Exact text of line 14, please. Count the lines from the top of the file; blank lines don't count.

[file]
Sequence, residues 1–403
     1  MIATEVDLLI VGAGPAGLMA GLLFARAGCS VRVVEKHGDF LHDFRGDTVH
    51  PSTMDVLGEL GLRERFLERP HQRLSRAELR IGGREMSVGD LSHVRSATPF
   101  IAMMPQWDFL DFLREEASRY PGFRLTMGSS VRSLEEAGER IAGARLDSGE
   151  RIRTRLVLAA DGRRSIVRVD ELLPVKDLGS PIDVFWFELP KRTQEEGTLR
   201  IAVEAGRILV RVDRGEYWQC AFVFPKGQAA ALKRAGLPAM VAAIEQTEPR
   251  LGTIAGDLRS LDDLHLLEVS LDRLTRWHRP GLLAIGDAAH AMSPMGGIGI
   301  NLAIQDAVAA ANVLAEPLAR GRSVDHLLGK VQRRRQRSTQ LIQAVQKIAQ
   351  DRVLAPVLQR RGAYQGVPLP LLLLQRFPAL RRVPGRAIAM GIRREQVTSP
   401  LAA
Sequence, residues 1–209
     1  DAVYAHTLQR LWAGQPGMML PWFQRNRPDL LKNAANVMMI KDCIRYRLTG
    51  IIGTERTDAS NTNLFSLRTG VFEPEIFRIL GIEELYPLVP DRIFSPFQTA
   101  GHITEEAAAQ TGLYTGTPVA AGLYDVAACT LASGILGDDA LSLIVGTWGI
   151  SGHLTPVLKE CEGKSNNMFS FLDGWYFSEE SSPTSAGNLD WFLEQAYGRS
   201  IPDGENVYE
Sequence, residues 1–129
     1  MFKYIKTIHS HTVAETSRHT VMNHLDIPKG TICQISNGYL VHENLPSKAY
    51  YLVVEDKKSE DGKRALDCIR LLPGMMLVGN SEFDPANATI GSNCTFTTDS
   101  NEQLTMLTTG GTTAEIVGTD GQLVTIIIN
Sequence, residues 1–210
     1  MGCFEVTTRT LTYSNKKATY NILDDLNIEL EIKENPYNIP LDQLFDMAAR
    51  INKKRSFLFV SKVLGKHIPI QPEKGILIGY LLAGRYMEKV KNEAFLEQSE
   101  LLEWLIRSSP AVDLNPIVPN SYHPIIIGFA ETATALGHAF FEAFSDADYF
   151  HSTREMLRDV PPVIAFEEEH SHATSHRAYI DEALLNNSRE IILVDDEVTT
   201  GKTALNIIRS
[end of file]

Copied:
   101  GHITEEAAAQ TGLYTGTPVA AGLYDVAACT LASGILGDDA LSLIVGTWGI